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Wall Mounted Security Light

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237SJ | 13:36 Fri 20th Oct 2017 | Home & Garden
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I have a fairly basic wall mounted security light. I think it is a motion detector one. It kept coming on so I replaced it and the next one did the same. I presume the bushes nearby must have been setting it off. Are the heat sensitive ones any good? Can anyone recommend a decent one with a fairly good range please?

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Most half decent home security lights do indeed have a sensitivity setting but they are a devil to calibrate for your particular circumstances. Thee are two main types for the domestic market. Clever but expensive ones for high security locations are available.ie Ultrasonic and high end optic ones. PIR (Passive infrared) sensors are electronic sensors...
14:12 Fri 20th Oct 2017
I think that they use a combination of heat and movement.
We changed ours for a switch on and off standard light. It was flashing on and off all night. It drove us mad.
Security lights with motion sensors usually have a sensitivity control. If you know the make and model, try looking it up on line.
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Thanks for the replies. I don`t think mine has a sensitivity control - I think the only control was for how long the light stayed on for as I remember the electrician testing it. I can`t have a switch on and off one because I am away a lot. The current switches are on, off and auto.
In theory they need something warm and moving to set them off, so birds, hedgehogs, cats etc will do the job. We had mains-operated ones which I swapped for solar-rechargeable ones; they still come on if a cat passes but the limited battery life limits how long they will irritate you for each night.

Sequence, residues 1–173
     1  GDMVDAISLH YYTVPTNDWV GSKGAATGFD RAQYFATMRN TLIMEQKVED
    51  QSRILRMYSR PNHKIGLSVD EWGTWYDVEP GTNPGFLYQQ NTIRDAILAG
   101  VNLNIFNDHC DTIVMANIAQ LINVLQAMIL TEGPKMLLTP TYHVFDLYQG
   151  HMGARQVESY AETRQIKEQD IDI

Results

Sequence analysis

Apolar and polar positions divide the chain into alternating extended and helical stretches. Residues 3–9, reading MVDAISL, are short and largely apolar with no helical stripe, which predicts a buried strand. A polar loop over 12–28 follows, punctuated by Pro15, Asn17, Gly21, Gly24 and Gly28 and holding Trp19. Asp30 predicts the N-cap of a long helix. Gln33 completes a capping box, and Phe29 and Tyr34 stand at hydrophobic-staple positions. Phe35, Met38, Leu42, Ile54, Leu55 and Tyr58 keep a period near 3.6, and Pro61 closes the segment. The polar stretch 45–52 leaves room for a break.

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I`m not bothered about wildlife setting them off (quite a few foxes here), I just need something that I can rely on. Neighbour has just cut down the bushes at the end of his garden and I have lost some privacy.
Most half decent home security lights do indeed have a sensitivity setting but they are a devil to calibrate for your particular circumstances. Thee are two main types for the domestic market. Clever but expensive ones for high security locations are available.ie Ultrasonic and high end optic ones.
PIR (Passive infrared) sensors are electronic sensors that measures infrared light radiating from objects in a field of view. They are most often used in PIR-based motion detectors. All objects with a temperature above absolute zero emit heat energy in the form of radiation. Usually this radiation isn't visible to the human eye because it radiates at infrared wavelengths. So bushes or trees will set them off.
AIR(Active Infrared) are less prone to being triggered by false alarms but can be defeated if the source is well insulated.
Basically 237 the more you are willing to pay the better the results you can get. I now steer well clear of the stuff sold at the domestic DIY sheds and bought my last one from a local trade supplier. I will have a look at what I can find. A price range would have been handy.
Question Author
Thanks for the replies. Togo - I went to Screwfix looking for some advice but didn`t realise it works like Argos. I went into a local lighting shop where they were very helpful and I think there might indeed be a sensitivity setting. I can`t do anything about it now but I will have a look at it when I get back from my trip. Thanks again
Ta for that 237. You have lit up my day. :))
On some of them you can adjust the direction of the sensor. Raising it up a bit might stop wildlife triggering it. Moving it down, left or right might stop passers by setting it off unnecessarily.
Just a tip 237. I have an account with Screwfix, despite being well past retirement age. I find them very useful for all sorts of things and they often have very good offers for garden equipment etc.
As well as adjusting the (usually) two settings, you could try altering the field of view. That is, swivelling the sensor downwards so that the sensor doesn't reach quite so far into the distance.

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